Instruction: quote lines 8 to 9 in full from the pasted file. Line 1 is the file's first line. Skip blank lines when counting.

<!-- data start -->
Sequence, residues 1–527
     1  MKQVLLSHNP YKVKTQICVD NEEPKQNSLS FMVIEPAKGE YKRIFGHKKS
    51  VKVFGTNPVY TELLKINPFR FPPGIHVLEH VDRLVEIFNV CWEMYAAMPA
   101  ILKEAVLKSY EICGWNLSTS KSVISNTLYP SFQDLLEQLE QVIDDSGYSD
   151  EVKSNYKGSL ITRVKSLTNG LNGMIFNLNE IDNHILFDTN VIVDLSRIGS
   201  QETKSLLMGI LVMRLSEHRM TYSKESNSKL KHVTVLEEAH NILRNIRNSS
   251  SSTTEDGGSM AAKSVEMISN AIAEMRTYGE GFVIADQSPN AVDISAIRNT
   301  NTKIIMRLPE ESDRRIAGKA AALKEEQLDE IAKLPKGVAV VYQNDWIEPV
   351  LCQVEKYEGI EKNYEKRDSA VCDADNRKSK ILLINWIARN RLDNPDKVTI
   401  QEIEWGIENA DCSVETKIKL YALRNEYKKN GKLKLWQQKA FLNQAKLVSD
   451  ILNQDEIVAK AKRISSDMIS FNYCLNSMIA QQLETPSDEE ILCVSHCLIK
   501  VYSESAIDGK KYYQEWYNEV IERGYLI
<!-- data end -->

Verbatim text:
   301  NTKIIMRLPE ESDRRIAGKA AALKEEQLDE IAKLPKGVAV VYQNDWIEPV
   351  LCQVEKYEGI EKNYEKRDSA VCDADNRKSK ILLINWIARN RLDNPDKVTI